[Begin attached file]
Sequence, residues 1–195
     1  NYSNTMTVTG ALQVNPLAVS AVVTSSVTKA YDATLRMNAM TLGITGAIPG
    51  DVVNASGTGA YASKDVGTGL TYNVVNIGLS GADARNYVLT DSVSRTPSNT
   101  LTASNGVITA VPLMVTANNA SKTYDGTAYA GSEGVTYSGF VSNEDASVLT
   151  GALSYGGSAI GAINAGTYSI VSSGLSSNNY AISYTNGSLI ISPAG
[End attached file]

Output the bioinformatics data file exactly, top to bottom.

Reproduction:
Sequence, residues 1–195
     1  NYSNTMTVTG ALQVNPLAVS AVVTSSVTKA YDATLRMNAM TLGITGAIPG
    51  DVVNASGTGA YASKDVGTGL TYNVVNIGLS GADARNYVLT DSVSRTPSNT
   101  LTASNGVITA VPLMVTANNA SKTYDGTAYA GSEGVTYSGF VSNEDASVLT
   151  GALSYGGSAI GAINAGTYSI VSSGLSSNNY AISYTNGSLI ISPAG